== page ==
I tend to place fairly low value on cards that gain me life. Even if a card provides incidental lifegain, I won’t usually play it unless I would also play it if it didn’t have lifegain. However, M14 has a number of white, black, and green cards that benefit from lifegain. Are those cards powerful enough that they are worth playing? If so, what lifegain cards should you play to go with them?

M14 has 6 cards that benefit from lifegain: 4 in white, and 1 each in black and green:

  • Ajani Caller of the Pride (mythic): This is a bomb even if you don’t have any lifegain in your deck.
  • Angelic Accord (uncommon): Requires evaluation.
  • Archangel of Thune (mythic): This is a bomb even if you don’t have any lifegain in your deck.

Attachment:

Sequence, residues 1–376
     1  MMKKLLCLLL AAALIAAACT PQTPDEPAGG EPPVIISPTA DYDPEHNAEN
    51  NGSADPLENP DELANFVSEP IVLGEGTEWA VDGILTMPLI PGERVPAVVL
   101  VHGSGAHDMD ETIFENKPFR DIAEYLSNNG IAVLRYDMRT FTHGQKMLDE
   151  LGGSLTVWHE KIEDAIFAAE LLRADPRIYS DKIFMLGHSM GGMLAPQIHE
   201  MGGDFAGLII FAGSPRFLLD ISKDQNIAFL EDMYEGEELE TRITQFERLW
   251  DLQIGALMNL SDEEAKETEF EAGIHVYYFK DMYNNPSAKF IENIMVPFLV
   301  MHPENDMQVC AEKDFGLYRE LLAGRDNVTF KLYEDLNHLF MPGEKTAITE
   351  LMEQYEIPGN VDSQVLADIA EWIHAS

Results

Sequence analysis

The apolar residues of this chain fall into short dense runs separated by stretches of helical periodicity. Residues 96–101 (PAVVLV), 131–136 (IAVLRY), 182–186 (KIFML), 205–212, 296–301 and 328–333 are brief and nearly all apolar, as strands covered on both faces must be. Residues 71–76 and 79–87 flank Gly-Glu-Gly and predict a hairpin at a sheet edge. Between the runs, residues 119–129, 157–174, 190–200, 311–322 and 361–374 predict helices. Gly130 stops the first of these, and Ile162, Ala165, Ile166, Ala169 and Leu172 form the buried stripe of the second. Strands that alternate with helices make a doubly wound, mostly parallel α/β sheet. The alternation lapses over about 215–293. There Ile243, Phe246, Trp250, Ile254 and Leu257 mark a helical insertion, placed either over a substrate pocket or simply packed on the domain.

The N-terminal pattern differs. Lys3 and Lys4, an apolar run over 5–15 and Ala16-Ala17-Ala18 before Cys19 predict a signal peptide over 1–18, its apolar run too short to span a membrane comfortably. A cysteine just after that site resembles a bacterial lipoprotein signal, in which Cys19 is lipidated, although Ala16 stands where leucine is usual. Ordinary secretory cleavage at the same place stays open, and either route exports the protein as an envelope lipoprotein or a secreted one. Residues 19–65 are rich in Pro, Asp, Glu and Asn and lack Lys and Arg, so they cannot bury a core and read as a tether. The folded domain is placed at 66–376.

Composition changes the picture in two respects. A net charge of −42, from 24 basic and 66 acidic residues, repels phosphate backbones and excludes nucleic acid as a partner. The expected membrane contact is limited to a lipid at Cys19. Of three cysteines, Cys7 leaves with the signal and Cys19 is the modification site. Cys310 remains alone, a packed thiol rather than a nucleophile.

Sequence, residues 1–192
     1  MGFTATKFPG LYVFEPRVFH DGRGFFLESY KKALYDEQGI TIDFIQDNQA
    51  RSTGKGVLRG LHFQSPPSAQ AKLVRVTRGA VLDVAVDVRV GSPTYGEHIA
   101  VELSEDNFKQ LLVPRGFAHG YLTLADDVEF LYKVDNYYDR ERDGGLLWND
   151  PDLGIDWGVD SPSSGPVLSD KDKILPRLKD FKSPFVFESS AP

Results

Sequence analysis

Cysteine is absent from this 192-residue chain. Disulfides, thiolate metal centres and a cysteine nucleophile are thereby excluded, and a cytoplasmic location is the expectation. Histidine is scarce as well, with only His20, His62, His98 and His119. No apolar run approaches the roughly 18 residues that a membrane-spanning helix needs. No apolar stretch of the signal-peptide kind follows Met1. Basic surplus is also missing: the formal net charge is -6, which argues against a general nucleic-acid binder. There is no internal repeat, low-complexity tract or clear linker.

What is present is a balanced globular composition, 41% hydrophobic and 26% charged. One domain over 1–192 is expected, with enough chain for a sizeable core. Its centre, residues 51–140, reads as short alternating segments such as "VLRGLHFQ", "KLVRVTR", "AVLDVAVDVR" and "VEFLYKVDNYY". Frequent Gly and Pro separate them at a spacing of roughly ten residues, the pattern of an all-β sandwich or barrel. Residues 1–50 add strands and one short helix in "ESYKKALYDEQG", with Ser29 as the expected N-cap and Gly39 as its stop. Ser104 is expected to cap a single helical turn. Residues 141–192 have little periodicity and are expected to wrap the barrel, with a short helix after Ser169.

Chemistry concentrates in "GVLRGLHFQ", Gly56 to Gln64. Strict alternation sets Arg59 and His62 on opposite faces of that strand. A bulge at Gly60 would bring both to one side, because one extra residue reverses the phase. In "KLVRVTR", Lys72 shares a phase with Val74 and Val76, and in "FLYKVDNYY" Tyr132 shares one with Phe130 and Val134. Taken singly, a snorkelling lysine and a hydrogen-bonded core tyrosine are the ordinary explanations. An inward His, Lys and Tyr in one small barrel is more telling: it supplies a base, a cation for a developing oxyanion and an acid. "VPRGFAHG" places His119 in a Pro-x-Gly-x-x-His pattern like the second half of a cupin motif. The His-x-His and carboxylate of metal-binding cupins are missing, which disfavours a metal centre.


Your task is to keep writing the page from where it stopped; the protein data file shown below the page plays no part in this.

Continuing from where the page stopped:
• Path of Bravery (rare): This seems very playable to me in aggressive decks. It forces your opponent to decide whether to attack you to reduce your life total so you don’t get the bonus, but that opens them up to a return strike that also gains you life. If they hold back, they have to block creatures with +1/+1, either immediately or when you have enough creatures and are ready to alpha strike. It seems less impressive in defensive decks, which are often willing to take hits early until they’re able to stabilize the board, and which win with fliers or large bombs and care less about Crusade effects.
  • Sanguine Bond (rare): Requires evaluation.
  • Voracious Wurm (uncommon): This is always at least a 2/2 for 2, so it’s definitely playable and probably exceptional since it can get very large if you have any lifegain to go with it.